After tornado, time for cleanup

Rare storm hits two Anne Arundel communities, damaging 53 homes and leaving residents surprised at the destruction

September 30, 2006|By Arin Gencer | Arin Gencer,SUN REPORTER

Margaret Michael remembers the silence, then what sounded like an explosion.

She had just gotten home from work when she looked outside and beheld a scary sight: Trees, leaves and branches whipped wildly in the wind as rain poured down.

Michael, who is in her 60s, took the dogs downstairs. Her foot hit the second step when she heard the crash.

"I thought maybe it was lightning striking a transmitter," Michael said.

But it was the sound of a poplar tree limb crashing through her kitchen ceiling, sending water gushing inside, and two more gouging holes into her new backyard deck.

Across the street in Severna Park, the devastation from the tornado that touched down Thursday night was worse. A big tree fell through 48 Whittier Parkway, crushing its roof and tearing away a portion of the house's side.

The two were among 53 homes in Severna Park and Cape St. Claire significantly damaged by the rare twister, said Pam Jordan, a county land-use spokeswoman. Fifteen were deemed uninhabitable.

Between 1950 and 2000, 25 tornadoes have hit Anne Arundel County, said Jackie Hale, a spokeswoman for the National Weather Service's Baltimore-Washington forecast office. A total of 209 have hit Maryland between 1950 and 1998, she said.

The National Weather Service confirmed yesterday that the tornado touched down in Severna Park about 6:30 p.m. It traveled 2 miles and lifted in Pasadena about 6:40 p.m. At its height, the storm was 250 yards wide with winds of 90 mph, the weather service reported.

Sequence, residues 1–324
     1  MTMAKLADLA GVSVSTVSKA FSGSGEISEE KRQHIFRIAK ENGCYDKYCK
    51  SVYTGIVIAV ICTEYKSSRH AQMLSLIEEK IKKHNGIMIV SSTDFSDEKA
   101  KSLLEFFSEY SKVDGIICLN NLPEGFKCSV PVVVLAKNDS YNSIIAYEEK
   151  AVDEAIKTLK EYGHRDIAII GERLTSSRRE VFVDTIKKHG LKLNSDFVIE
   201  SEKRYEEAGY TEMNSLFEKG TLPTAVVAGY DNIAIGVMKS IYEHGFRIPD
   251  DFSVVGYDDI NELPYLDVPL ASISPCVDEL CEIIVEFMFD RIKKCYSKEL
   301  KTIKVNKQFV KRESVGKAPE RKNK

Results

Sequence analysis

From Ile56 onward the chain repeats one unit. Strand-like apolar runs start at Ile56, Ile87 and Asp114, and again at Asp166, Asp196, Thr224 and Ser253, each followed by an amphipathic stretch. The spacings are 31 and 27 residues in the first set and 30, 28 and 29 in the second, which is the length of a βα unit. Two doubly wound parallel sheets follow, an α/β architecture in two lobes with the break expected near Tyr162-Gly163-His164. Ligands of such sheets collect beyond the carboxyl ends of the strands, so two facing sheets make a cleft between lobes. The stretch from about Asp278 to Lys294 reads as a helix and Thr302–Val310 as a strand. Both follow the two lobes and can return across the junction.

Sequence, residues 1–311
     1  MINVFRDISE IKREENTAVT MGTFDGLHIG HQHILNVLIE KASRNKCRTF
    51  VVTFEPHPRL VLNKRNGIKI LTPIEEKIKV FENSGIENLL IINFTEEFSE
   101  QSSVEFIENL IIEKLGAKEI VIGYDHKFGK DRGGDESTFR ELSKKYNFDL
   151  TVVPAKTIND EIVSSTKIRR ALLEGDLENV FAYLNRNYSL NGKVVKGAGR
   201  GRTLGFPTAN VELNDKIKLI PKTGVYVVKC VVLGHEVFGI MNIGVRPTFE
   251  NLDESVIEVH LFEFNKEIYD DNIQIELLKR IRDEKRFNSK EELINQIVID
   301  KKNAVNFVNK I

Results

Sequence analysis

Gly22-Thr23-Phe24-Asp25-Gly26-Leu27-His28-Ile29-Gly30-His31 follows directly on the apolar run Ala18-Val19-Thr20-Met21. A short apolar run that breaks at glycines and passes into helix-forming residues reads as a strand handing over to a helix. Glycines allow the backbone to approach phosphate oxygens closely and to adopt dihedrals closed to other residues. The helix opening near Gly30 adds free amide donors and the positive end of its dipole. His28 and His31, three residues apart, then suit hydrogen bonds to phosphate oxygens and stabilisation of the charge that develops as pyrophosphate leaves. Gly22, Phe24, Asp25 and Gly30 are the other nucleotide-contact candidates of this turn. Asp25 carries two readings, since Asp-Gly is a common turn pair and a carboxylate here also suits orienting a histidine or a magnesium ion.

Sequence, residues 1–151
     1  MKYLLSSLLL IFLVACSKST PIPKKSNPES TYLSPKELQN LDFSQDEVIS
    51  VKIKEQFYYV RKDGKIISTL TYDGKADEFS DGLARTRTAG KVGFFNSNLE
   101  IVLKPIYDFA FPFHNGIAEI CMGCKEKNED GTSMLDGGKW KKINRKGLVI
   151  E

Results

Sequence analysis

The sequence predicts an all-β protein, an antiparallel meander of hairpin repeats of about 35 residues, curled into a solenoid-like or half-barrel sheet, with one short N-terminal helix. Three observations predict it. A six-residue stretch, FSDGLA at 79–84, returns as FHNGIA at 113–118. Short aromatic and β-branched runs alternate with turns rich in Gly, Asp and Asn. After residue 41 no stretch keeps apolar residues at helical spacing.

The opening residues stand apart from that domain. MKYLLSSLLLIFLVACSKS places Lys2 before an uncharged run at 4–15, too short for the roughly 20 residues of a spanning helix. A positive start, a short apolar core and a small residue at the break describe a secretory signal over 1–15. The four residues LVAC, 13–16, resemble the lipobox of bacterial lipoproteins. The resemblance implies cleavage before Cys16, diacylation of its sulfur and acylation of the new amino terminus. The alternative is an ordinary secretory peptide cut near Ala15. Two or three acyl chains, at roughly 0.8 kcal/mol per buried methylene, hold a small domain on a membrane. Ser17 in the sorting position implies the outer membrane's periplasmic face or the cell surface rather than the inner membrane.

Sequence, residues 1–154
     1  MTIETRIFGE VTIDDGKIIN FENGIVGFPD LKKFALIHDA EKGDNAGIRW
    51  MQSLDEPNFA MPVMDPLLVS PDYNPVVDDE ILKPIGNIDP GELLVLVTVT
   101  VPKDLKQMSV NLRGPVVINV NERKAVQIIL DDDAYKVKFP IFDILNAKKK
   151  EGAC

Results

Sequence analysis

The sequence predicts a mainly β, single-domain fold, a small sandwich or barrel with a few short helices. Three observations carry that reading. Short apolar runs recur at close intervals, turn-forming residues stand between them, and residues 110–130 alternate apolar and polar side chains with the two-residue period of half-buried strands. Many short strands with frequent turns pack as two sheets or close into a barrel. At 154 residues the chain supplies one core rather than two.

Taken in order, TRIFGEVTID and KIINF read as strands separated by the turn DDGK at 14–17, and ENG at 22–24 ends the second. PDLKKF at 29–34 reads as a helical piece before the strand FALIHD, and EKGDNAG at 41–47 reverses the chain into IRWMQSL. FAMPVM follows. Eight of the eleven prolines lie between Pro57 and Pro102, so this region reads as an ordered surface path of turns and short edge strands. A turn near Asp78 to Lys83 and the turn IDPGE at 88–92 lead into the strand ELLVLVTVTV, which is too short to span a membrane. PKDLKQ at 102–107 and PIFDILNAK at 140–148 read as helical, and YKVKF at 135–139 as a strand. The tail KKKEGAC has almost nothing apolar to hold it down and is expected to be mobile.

The weather service classified the tornado as a Category F1, applied when ground winds range from 73 mph to 112 mph. F1 ranks on the lower end of the tornado damage scale, which goes from F0 to F5.

The storm knocked out power to more than 38,000 Baltimore Gas and Electric Co. customers, spokeswoman Linda Foy said. About 9:30 p.m. yesterday, BGE reported 626 customers in Anne Arundel County were without power.

The hardest-hit areas included Cattail Creek off the Magothy River, North Cape Arthur and Lower Magothy Beach, Rhonda Wardlaw, a spokeswoman for Anne Arundel County Executive Janet S. Owens.

Yesterday, under a sky that bore no trace of the storm, neighbors roamed the streets to snap photos of the damage, comfort each other and start cleaning up.

The sound of chain saws, cranes and trucks from tree-clearing companies served as constant background noise. BGE trucks dotted the street, with workers trying to repair the damage.

"I can't believe it," said Ed Pickwoad, who lives in the relatively unscathed portion of Whittier. "You read about it in Kansas and Nebraska, but I never thought this was going to happen."

Bob Burns, a Whittier Parkway resident whose roof had a hole from a tree that pierced through it, didn't need an official declaration to know a tornado had thrown branches and debris onto his wife's 2005 Honda Pilot, crushing it and an older Accord sitting in the driveway. He pointed to a piece of a real estate sign resting on his front lawn next to a cluster of branches. The sign blew over from a nearby shopping center.

On Emerson Court, Steve Cornacchia was waiting for one of many workers in the area to start removing the tree that buckled his roof. His wife, Kelly, was home with their daughters Thursday evening when the intense winds and pressure from outside also sucked up the doors to the attic.

"It was so loud, I didn't even hear the tree hit the house," Kelly Cornacchia said, describing the "roaring engine" sound that engulfed them.

Patricia Moffitt, who lives down the street from Margaret and Michael Michael's house, said she lost power for 10 hours. At her home and around the bend, the houses remained relatively untouched, without even the telltale smattering of tree leaves and branches in their front lawns.

Moffitt stood near 48 Whittier Parkway, close to a handful of onlookers with digital cameras in hand. They watched as men sawed through the tree trunk lying on the house, just one of the many ravages of the storm.

"I didn't know there was this much destruction," Moffitt said. "We've never had this."

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